Okay, now we are starting to get somewhere.
Based in London, and therefore a key rival of Middlesex, Surrey County Cricket Club was formed in 1845, made its first class debut in 1864, was admitted to the modern day championship in 1890 (its inaugural season), and won outright County Championships in 1890, 1891, 1892, 1894, 1895, 1899, 1914, 1952, 1953, 1954, 1955, 1956, 1957, 1958 (that’s seven in a row, for those counting at home), 1971, 1999, 2000, and 2002. 18 titles to Middlesex’s 12.
The club has also won five one-day competitions, most recently the brand new Clydesdale Bank 40 in 2011.
Those seven titles in a row during the 1950s are truly an amazing feat, and deserves a bit of further exploration:
In the NFL, no team has won more than two consecutive Super Bowls. Again, however, the competition as we know it has not existed for all that long, relatively speaking. The Green Bay Packers did win three straight NFL titles between 1929 and 1931.
Major League Baseball? Again, no team really comes close. The Yankees won a jaw dropping five in a row, starting in 1949. That is nothing to sneeze out, especially considering it was during a golden age of baseball, but it still falls three short of Surrey CCC’s eight.
In the National Hockey League, the Montreal Canadiens also won five in a row between 1956 and 1960 (but think there were only like six teams in the league at the time), while in English Football (both pre-Premiere League and post-Premiere League) no team has won more than three consecutive first division. (I actually find that a bit shocking.)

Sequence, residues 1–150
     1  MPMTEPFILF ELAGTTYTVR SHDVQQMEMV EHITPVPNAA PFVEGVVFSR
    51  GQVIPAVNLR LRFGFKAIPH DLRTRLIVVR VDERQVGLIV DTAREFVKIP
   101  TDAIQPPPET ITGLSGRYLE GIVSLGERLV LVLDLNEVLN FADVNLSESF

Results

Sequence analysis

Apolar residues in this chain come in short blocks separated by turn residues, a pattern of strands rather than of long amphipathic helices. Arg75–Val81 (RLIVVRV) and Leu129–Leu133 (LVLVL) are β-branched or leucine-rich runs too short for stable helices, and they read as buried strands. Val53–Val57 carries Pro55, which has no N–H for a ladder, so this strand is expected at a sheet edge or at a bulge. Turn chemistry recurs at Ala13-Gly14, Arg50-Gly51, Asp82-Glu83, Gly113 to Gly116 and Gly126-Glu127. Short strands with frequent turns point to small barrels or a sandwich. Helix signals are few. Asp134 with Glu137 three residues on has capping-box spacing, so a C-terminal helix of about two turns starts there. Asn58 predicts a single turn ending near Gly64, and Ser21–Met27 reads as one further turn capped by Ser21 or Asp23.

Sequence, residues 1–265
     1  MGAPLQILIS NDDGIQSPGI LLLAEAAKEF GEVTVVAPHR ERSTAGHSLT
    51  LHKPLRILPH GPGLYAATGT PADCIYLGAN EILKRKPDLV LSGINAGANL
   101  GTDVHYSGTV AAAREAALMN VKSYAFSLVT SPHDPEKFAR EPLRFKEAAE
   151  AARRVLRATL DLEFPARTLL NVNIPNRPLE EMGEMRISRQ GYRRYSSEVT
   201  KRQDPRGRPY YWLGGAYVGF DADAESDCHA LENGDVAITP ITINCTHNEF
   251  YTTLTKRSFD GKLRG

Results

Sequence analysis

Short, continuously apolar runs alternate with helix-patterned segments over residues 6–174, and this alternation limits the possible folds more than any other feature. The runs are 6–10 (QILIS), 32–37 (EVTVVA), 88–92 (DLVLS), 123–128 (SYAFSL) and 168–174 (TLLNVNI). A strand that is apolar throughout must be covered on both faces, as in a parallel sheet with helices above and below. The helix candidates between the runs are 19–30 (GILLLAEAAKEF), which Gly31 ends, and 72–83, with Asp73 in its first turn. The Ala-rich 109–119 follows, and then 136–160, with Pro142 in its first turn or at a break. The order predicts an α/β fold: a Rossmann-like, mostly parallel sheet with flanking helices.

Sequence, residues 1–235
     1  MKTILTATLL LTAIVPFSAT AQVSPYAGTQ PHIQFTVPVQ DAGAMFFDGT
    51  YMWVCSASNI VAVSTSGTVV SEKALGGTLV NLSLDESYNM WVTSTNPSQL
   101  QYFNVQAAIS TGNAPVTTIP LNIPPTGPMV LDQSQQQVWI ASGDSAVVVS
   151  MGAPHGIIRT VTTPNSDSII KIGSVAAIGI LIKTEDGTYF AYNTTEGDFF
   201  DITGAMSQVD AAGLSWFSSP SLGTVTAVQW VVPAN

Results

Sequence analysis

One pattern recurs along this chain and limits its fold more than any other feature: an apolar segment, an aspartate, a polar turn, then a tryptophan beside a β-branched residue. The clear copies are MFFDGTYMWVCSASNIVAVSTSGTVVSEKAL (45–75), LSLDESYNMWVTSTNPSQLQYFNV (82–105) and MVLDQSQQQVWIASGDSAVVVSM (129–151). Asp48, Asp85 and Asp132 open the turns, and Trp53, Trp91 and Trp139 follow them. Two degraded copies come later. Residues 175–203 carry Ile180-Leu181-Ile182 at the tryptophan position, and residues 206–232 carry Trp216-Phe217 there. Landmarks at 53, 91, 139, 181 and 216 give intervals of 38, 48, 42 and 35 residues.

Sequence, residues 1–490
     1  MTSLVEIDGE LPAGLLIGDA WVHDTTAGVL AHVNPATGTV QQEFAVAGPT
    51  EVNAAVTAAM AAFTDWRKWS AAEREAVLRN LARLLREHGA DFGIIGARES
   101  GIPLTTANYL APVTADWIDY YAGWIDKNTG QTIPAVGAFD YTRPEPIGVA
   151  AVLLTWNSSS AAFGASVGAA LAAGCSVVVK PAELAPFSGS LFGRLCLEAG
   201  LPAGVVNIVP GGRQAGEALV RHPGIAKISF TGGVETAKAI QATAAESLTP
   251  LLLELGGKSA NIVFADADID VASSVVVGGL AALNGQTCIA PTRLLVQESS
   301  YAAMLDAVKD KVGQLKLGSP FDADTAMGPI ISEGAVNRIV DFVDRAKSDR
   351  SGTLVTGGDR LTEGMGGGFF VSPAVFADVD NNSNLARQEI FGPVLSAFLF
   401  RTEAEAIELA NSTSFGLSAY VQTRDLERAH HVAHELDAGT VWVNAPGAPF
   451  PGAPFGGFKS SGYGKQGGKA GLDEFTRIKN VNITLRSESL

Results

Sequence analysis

In the NBA, however? Yep, that’s right, the Boston Celtics won eight in a row starting in 1959 (wow, the 50s were a utopia for dynasty fans.) The Celtics actually 11 titles in 13 years which really makes it slightly more impressive than Surrey accomplishment, but I am not sure of the quality of the league in that period, as the NBA as we know had only been around for eight seasons when Boston’s run began, so I am giving the edge here to Surrey.
Surrey has played the vast majority of its home matches at The Oval, in Kennington:
The ground went through a massive renovation in 2005, which included the construction of the OCS stand seen in the middle picture above.
It regularly hosted football matches in the late 19th century, and was actually the host of the first ever international football match (England v Scotland in 1870). It even hosted FA Cup finals for 20 straight seasons from 1872 through 1892.
Regrettably, however, it is now known as the Kia Oval. Le Sigh. Somewhere, David Foster Wallace is grinning.
Stuart Surridge was the club captain for five of the seven consecutive titles, but Wikipedia, in a rare show of subjectivity, gives credit instead to the cricketers playing beneath him, rather than to the captain. The same entry did point out that he was a defensive minded captain, that his key philosophy was that “catches won matches”. I think a lot of current cricket teams could be well served by that simple strategy.
Jack Hobbs scored the most first class runs for the club, with 43,554 from 1905-1934. Tom Richardson took the most first class wickets, despite only playing for the club for 12 years (1892-1904).
In fact, in just four seasons, Richardson took 1,005 wickets, and along with Hobbs, was chosen by the Wisden Cricketer as one of the “Six Giants of the Wisden Century”.
The club’s current squad features a who’s who of English cricket: Kevin Pietersen, Jade Dernbach, and Chris Tremlett.
In so many words: that’s Surrey County Cricket Club.
And I am really starting to look forward to the County Season…
On the pitch: Not a whole lot going on. The first test between South Africa and Sri Lanka starts tomorrow, which means I will have a test to follow here at the office: good news. Also, the second test between Bangladesh and Pakistan starts on the 17th and will again be live on ESPN3.
Meanwhile, I will just wait with bated breath for the Boxing Day test at the MCG.
Also, today, on the Internet: Dravid calls for the ICC to explore day-night tests. Worth a read.
Until next time.